Posts Tagged ‘Faculty Mentoring’

In addition to my own advice for faculty mentors, here are some recent posts on mentoring at every level of the academic system:

“‘I Just Do It’: Mentoring & Honoring our Undergraduates” by Trina Smith

“The Top Five Traits of the Worst Advisors” by Karen Kelsky

“Faculty Mentoring Faculty: Relationships that Work” by Maryellen Weimer

The first and third are from the perspective of the mentor while the second focuses on the perspective of the mentee (similar to my post on mentors and anti-mentors), though that can also be helpful for mentors who are trying to avoid screwing things up.

“Like” Memoirs of a SLACer on Facebook to get updates and other posts about how not to screw up via your news feed.

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Tenured Radical’s latest post states:

The other day I read a comment on Facebook to the effect that, after changing jobs, many academics experience a moment of intense regret. The author of the comment timed this moment of regret at about six months into the new job, when the losses and the difficulty of the transition becomes truly apparent.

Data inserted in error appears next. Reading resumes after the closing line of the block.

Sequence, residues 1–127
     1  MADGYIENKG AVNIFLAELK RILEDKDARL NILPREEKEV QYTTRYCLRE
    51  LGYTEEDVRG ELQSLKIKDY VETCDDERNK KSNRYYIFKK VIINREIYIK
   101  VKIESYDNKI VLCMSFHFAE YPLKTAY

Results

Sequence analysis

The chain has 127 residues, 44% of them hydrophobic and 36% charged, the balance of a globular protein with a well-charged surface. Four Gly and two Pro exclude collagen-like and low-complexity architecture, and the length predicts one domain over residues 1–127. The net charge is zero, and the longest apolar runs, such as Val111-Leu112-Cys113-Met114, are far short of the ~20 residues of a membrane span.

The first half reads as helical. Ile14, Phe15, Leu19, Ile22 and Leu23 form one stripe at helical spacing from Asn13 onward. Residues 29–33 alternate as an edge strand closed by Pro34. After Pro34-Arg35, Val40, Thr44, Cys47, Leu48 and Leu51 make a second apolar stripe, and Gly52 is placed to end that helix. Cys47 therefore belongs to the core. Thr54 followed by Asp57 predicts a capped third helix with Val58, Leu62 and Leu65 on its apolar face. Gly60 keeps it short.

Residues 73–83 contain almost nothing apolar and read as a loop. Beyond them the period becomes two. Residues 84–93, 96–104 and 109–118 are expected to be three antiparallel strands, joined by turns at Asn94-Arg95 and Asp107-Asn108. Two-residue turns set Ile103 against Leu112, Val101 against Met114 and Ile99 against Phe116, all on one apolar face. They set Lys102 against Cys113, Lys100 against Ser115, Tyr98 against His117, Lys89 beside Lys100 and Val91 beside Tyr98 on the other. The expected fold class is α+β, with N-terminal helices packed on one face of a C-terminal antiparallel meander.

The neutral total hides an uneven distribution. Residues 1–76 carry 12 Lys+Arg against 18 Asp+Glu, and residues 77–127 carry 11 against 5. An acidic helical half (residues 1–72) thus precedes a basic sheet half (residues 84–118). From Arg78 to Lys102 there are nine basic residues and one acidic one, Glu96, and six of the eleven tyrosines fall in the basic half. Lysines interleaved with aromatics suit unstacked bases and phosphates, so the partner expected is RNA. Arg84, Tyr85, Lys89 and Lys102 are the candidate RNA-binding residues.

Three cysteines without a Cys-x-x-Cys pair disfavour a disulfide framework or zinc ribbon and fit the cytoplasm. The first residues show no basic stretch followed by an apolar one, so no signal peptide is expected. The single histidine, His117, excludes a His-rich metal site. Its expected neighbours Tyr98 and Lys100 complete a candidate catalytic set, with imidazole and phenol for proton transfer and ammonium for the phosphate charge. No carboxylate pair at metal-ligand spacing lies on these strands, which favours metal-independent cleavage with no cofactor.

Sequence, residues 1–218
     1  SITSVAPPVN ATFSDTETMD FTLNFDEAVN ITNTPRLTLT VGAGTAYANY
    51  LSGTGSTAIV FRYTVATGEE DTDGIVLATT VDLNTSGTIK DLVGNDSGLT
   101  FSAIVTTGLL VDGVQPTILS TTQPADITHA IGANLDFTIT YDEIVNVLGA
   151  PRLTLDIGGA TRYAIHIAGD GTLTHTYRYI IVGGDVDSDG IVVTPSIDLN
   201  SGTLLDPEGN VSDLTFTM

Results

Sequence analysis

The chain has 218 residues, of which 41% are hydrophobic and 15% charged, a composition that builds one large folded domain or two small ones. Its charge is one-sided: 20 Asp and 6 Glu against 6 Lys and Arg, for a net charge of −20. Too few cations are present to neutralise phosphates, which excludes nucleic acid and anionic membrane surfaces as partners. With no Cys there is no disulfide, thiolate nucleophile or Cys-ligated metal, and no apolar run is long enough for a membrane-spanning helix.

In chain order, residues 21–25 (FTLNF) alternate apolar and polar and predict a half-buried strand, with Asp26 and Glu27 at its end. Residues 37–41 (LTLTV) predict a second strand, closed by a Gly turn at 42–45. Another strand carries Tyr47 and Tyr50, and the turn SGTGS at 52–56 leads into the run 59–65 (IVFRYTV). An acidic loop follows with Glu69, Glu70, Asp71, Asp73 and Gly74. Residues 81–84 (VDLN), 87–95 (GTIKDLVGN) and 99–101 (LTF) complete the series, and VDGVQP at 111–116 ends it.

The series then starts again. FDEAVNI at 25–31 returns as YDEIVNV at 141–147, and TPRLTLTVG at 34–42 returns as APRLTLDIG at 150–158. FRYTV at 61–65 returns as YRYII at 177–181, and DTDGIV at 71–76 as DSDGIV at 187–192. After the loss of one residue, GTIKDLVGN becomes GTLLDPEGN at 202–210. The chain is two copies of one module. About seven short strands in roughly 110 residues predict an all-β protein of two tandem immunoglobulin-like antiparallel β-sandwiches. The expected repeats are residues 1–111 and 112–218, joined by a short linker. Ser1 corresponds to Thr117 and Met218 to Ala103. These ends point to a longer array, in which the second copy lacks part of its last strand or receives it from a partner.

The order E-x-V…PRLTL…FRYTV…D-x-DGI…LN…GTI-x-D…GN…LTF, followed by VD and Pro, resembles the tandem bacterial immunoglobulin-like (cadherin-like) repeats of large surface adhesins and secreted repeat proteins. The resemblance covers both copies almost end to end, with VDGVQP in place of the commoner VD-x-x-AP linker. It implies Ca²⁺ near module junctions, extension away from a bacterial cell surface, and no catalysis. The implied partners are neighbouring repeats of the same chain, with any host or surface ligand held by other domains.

Like her, I am not experiencing regret, but it have been noticing certain differences as I get settled in. In some cases, such as mentoring, these differences have given me an even greater appreciation for my former colleagues.

It is not that my new colleagues are particularly bad at mentoring, but one particular colleague at my former institution regularly went out of her way to ensure that I knew what was going on. Unlike mentoring undergraduates or graduate students, at the faculty level I think that successful mentoring is mostly about keeping new colleagues in your thoughts so that you can tell them when you have to do something that a new faculty member might not know about. An example of this is submitting final grades. When the end of the semester nears, a good faculty mentor will not only think, “I need to submit my final grades,” but also, “John might not know how grade submission works here, so I should stop by his office and show him.”

As faculty members it is easy to get caught up in our own grading, students, and deadlines. I think that successful mentoring of other faculty members requires an external focus that our daily work does not. Hopefully I will remember this if I ever get the chance to mentor a new faculty member myself.

“Like” Memoirs of a SLACer on Facebook to get updates and other posts via your news feed. Then share it with a new colleague.


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